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  Good Repair Guide: Interior Painting


All interior painted finishes within a domestic building deteriorate slowly over time and will require repainting to clean and freshen the surfaces or to continue protecting the substrate. The frequency of repainting depends on the amount of fading caused by UV exposure, damage or wear, and internal humidity levels - high levels of internal moisture that cause condensation to form on surfaces can result in mould growth, staining and paint deterioration.

Painted interior surfaces include ceilings, walls, window frames, doors and door frames, kitchen joinery and trims such as cornices (or scotias), architraves and skirtings. Materials that are likely to have a paint finish include timber, plasterboard, fibrous plaster, softboard, hardboard, fibre-cement, particleboard, MDF and pressed metal ceiling and wall panelling.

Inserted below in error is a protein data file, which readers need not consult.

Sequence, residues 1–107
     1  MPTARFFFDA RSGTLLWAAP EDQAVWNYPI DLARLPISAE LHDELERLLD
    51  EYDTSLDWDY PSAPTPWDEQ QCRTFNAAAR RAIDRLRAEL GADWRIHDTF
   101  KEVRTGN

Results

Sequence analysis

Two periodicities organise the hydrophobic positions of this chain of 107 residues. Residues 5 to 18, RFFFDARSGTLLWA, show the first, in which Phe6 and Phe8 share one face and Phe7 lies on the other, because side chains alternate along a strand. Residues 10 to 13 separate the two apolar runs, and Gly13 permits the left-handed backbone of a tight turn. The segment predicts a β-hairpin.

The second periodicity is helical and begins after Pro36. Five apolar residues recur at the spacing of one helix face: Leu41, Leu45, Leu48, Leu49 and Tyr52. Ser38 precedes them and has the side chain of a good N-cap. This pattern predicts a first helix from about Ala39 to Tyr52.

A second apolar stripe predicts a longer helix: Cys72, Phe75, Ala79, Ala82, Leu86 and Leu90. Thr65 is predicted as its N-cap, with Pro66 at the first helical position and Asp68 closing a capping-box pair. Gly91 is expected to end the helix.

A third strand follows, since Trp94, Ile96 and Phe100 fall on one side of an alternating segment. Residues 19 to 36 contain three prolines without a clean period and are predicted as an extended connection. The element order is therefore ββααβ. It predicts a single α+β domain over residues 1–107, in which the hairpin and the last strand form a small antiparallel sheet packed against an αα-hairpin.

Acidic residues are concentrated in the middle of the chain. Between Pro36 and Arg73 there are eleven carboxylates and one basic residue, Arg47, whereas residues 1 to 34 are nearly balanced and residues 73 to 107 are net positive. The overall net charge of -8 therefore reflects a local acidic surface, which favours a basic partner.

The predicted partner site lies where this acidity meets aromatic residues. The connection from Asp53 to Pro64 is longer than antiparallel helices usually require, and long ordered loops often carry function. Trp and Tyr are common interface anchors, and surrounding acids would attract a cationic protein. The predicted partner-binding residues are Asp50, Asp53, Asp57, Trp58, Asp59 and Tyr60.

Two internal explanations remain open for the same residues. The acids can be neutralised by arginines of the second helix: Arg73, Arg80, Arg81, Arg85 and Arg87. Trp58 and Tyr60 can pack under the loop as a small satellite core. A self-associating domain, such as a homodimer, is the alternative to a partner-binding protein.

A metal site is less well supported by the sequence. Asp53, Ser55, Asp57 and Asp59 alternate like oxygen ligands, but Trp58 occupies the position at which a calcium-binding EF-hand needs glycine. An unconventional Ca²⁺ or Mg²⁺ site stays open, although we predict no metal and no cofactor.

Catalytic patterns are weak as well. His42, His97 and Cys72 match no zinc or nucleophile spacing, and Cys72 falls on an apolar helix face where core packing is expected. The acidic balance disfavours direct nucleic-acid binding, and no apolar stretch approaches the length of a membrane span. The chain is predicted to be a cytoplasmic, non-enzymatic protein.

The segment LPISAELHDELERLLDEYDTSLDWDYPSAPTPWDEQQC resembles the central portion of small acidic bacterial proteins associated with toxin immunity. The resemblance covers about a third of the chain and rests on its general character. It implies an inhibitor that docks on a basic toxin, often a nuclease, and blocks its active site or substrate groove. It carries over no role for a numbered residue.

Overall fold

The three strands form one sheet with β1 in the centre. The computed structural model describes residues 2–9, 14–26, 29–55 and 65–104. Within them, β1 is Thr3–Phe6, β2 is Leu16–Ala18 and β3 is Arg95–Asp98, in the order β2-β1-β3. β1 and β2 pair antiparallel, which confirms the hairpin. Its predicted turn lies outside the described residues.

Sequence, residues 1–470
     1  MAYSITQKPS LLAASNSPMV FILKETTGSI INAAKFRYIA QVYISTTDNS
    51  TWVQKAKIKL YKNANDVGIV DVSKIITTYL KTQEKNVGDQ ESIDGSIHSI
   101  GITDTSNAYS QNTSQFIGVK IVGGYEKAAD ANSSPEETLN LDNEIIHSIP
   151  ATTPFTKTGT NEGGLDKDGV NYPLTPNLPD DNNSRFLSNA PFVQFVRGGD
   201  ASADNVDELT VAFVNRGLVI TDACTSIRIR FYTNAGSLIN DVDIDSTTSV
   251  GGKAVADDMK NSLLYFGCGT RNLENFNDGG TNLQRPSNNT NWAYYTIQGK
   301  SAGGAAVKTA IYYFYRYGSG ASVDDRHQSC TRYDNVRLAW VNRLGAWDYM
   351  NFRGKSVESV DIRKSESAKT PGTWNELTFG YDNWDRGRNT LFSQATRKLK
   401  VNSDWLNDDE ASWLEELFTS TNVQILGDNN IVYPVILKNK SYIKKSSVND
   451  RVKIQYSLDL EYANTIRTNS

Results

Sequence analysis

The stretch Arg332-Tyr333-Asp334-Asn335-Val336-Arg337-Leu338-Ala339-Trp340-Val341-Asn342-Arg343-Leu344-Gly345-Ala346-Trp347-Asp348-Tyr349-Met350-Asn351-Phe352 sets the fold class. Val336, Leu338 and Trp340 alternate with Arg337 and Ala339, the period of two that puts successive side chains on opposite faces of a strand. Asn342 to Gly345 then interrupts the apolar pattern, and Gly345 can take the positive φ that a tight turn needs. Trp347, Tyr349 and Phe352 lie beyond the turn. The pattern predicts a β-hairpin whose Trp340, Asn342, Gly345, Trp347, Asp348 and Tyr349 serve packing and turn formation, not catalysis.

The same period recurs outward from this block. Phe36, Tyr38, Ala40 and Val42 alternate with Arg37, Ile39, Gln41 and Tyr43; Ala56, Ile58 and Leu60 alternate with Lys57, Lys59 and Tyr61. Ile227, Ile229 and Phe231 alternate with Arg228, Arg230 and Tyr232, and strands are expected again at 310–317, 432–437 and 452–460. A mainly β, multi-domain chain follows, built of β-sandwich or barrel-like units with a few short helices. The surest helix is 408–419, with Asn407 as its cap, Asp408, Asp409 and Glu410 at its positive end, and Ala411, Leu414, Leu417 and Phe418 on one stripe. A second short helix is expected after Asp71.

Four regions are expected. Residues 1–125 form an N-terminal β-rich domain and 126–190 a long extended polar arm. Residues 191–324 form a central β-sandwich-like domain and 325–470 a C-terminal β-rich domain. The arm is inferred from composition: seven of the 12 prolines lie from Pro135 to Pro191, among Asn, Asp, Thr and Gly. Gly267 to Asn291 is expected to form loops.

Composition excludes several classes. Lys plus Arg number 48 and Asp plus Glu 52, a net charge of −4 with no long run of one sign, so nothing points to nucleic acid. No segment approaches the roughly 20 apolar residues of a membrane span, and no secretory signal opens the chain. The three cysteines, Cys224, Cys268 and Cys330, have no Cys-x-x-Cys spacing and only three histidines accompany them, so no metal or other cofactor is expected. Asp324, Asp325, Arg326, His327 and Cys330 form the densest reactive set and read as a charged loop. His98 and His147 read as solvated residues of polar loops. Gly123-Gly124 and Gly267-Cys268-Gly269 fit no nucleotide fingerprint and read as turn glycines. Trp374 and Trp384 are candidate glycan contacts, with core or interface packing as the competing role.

Textured ceiling finishes may have also been painted, but before any repainting is carried out, the textured finish will need to be tested to determine if it contains asbestos. If asbestos is present, engage a specialist contractor to advise if the texture has to be removed or, if soundly adhered to the ceiling lining, painted over.

This book highlights the common problems, rules and regulations, health and safety, preparation, selecting and how to paint, brushes, roller and other applications, spray painting and most importantly cleaning up.